Toward the Future of Computer-Assisted Language Testing: Assessing Spoken Performance Through Semi-Direct Tests

Toward the Future of Computer-Assisted Language Testing: Assessing Spoken Performance Through Semi-Direct Tests

Ethan Douglas Quaid (Xi'an Jiaotong-Liverpool University, China) and Alex Barrett (Xi'an Jiaotong-Liverpool University, China)
DOI: 10.4018/978-1-7998-1282-1.ch010

Abstract

Semi-direct speaking tests have become an increasingly favored method of assessing spoken performance in recent years. Underpinning evidence for their continued development and use has been largely contingent on language testing and assessment researchers' claim of their interchangeability with more traditional, direct face-to-face oral proficiency interviews through theoretical and empirical investigations from multiple perspectives. This chapter initially provides background and research synopses of four significant test facets that have formed the bases for semi-direct and direct speaking test comparison studies. These are followed by the inclusion of a recent case study comparing test taker output from a computer-based Aptis speaking test and a purposively developed identical face-to-face oral proficiency interview that found a slight register shift which may be viewed as advantageous for semi-direct speaking tests. Finally, future research directions are proposed in light of the recent developments in the semi-direct speaking testing research presented throughout this chapter.
Chapter Preview
Top

Direct And Semi-Direct Speaking Tests

Clark (1979) labels direct speaking tests as consisting of “procedures in which the examinee is asked to engage in a face-to-face communicative exchange with one or more human interlocutors” (p.36). However, a truly direct test measures proficiency inside the identified target language use (TLU) domain, and therefore it is preferable to identify test directness on a cline between the indirect structural model and live performance in the TLU domain as the most direct. Mirroring Clark’s (1979) communicative exchange, Luoma (1997) states “the main characteristic of the live test mode is that interaction in it is two-directional”, and asserts that “the construct assessed is clearly related to spoken interaction” (p. 44). Although these suppositions were likely to be a given, when early theoretical models underpinned language testing, today the relatively scripted nature of many speaking tests, especially those termed as being high stakes, may well have rendered them problematic. Thus, Fulcher’s (2014) view that direct testing only implies that direct involves live physical interaction with a human interlocutor and nothing more will be applied, and henceforth a direct test will be represented by a face-to-face OPI throughout the remainder of this chapter.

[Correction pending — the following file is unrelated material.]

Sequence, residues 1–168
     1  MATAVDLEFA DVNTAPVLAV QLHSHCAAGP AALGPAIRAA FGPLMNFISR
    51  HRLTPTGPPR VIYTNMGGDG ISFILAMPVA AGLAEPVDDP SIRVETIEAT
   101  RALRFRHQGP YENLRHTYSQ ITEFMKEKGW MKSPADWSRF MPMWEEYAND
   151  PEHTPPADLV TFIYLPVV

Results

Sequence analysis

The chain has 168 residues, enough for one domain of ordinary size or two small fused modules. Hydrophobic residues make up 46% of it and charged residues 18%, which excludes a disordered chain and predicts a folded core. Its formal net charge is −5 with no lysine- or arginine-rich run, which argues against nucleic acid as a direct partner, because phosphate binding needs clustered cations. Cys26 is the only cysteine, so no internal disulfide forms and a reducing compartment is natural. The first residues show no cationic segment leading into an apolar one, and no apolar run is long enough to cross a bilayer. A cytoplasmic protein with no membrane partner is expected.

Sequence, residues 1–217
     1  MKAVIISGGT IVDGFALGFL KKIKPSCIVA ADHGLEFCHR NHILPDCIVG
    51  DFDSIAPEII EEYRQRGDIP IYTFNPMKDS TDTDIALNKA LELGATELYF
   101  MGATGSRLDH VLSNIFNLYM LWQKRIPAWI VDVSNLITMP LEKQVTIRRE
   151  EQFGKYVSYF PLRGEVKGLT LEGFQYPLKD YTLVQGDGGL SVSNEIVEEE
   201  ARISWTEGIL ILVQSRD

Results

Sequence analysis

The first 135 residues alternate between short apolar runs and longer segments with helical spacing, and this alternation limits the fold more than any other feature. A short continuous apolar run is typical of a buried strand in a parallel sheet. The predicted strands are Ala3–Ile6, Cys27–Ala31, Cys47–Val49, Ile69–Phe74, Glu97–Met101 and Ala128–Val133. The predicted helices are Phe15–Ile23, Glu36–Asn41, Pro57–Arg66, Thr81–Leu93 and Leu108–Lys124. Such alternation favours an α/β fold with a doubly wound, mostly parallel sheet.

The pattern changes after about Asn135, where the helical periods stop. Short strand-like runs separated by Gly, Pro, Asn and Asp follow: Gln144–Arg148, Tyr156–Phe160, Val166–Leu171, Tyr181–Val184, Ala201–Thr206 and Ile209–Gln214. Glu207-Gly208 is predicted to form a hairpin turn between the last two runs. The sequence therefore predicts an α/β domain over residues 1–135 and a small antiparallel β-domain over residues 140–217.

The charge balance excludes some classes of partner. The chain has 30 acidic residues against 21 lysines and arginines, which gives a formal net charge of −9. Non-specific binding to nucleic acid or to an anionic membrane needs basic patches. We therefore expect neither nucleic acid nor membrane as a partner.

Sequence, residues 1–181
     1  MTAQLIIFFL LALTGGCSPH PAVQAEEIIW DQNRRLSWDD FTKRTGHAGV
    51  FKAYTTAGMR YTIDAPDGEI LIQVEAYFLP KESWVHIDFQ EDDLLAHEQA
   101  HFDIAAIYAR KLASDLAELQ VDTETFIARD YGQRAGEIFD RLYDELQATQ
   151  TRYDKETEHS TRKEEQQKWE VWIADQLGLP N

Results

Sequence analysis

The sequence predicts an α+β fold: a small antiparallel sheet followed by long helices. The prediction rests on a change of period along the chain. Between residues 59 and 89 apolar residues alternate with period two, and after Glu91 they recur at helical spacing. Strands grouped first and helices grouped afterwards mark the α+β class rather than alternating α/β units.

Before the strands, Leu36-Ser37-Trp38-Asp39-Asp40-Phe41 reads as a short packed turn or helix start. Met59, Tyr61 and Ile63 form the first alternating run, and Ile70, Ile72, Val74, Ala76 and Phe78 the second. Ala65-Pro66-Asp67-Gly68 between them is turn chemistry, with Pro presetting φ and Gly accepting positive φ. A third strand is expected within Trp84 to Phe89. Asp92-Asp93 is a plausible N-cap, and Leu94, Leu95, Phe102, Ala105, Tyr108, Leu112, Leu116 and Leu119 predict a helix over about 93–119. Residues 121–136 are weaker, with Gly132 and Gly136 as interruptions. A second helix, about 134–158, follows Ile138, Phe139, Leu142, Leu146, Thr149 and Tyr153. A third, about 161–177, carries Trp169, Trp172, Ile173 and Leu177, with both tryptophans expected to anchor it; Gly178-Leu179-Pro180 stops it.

Key Terms in this Chapter

Target Language Use (TLU) Domain: The context or situation(s) where the test taker will be using the language on completion of the test.

Adjacent Agreement: A rating within one sub-level such as advanced-low and advanced- mid.

Concurrent Validity: The degree of test taker score equivalence between two tests, with one test acting as the criterion behavior.

Face Validity: The degree to which a test appears to measure the identified constructs (knowledge and/or abilities) it purports to measure based on the subjective judgment of test stakeholders.

Lexical Density: A quantitative measure of the relationship between lexical and grammatical items in spoken and written discourse.

Simulated Oral Proficiency Interview (SOPI): First generation semi-direct speaking test that often used tape-mediated delivery in lieu of computers.

Construct Irrelevant Variance: The introduction of extraneous, uncontrolled variables not reflected in the constructs tested that affect assessment outcomes.

Prosodic Features: Suprasegmental units and forms that occur when sounds are placed together in connected speech. For example, intonation, pitch, stress and rhythm.

Complete Chapter List

Search this Book:
Reset